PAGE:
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Lokvani Talks To MIT-Harvard-BU Grad Students

Ranjani Saigal

Check out http://www.bhopalnatyam.org

Leonid Chindelevitch is a fourth year PhD student in Applied Mathematics/Bioinformatics at MIT. He became involved with the Bhopal campaign through MIT Amnesty International over two years ago, and later went on to start a chapter of Students for Bhopal at MIT, to supplement the existing Boston group. His interests in social and environmental justice and his encounter with the younger generation of Bhopalis earlier this year have made him especially passionate about the Bhopal campaign.

Prem Nandhini Satgunam is currently a postdoctoral fellow at The Schepens Eye Research Institute, Harvard Medical School Affiliate. She had her Optometry training in Chennai, India and pursued her graduate school studies at the Ohio State University. Her research interests lie in low vision rehabilitation and non-research interests, in environmental and animal (including human) rights issues.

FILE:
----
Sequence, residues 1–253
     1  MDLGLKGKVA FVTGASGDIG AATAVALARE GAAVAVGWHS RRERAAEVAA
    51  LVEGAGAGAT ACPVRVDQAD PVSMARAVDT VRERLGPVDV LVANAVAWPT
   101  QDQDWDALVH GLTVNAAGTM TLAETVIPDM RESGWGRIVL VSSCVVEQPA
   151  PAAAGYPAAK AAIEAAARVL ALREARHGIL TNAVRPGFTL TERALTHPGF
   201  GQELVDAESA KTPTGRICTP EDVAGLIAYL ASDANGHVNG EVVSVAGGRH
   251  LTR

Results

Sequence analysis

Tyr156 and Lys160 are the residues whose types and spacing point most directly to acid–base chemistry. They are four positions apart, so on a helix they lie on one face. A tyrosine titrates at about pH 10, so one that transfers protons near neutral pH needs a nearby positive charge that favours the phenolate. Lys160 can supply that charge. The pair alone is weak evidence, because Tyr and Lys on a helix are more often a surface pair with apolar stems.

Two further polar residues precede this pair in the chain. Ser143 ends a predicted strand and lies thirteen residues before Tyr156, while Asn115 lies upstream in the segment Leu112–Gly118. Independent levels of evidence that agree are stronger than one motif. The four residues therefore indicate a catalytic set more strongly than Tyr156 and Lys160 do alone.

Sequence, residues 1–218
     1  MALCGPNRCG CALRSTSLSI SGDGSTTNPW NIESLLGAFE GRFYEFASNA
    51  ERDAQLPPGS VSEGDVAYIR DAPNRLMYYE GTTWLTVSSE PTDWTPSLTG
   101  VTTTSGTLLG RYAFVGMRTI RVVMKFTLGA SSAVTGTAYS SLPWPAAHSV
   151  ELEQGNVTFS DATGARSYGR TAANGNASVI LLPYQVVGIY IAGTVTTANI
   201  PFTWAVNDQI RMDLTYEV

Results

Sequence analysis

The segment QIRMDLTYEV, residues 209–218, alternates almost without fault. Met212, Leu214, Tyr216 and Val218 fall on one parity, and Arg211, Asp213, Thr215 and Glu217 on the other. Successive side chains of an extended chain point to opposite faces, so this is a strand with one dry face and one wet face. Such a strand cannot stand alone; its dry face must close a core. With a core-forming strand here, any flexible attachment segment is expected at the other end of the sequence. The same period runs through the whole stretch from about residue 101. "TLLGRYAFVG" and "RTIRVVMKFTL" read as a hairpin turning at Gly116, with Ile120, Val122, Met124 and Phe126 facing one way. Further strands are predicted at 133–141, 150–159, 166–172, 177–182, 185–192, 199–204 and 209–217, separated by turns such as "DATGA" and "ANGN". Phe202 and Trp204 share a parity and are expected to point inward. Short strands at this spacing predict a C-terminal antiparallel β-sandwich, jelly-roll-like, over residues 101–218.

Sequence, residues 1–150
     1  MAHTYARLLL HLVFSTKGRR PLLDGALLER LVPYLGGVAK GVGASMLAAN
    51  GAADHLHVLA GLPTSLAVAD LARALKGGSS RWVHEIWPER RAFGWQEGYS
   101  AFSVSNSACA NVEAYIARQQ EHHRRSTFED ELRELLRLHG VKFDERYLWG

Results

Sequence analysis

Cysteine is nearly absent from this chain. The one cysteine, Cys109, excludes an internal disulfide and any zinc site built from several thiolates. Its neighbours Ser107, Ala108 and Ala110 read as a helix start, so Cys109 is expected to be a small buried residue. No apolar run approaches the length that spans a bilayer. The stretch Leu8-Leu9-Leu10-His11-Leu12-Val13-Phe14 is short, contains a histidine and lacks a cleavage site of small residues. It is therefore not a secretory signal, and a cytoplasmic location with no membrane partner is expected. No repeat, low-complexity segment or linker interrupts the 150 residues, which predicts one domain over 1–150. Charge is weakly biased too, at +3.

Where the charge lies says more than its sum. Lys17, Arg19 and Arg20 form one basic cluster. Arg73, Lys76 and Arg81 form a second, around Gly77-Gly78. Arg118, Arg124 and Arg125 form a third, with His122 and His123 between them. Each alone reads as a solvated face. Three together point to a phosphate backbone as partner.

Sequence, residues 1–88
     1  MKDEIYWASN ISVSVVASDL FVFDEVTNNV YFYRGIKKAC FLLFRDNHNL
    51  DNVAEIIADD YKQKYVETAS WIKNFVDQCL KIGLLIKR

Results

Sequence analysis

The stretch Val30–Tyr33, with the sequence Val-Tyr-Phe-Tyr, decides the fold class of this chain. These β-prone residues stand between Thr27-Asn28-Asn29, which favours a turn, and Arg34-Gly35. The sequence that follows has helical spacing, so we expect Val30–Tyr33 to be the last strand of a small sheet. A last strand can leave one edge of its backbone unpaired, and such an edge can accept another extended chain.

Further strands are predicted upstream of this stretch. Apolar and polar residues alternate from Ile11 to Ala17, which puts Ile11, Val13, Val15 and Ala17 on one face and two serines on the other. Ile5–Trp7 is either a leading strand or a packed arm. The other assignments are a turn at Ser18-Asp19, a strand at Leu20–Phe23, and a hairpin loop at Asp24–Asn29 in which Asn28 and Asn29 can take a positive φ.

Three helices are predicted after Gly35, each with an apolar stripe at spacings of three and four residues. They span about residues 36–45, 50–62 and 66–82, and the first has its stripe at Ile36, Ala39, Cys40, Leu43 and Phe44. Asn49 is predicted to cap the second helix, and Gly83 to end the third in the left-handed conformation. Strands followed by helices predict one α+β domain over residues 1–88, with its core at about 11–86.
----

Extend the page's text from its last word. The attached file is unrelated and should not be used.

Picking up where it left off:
Srikant Sarangi is a second year PhD student in the Biomedical Engineering program at Boston University. He has been familiar with the Bhopal campaign over quite a few years; however, it was only after moving to Boston last year and being a part of Boston For Bhopal that he found a medium to channel any meaningful effort towards this cause. As a member of this small and tightly knit group, he hopes to work towards ensuring that the struggle of the Bhopal survivors achieves its desired goals of justice and corporate accountability and sets an example of courage, resilience, and unity.

Haribabu Arthanari (Hari) has been involved with the Boston for Bhopal group since 2008. He greatly enjoys the vibrant discussions and analysis at Boston for Bhopal meetings and these experiences have significantly impacted him for the better. He is a research fellow at the Harvard Medical School.

The four are members of a group that is trying to bring justice to Bhopal. They talked to Lokvani about the tragedy and what needs to be done to help.

 25 years after the tragedy, why is Bhopal still relevant?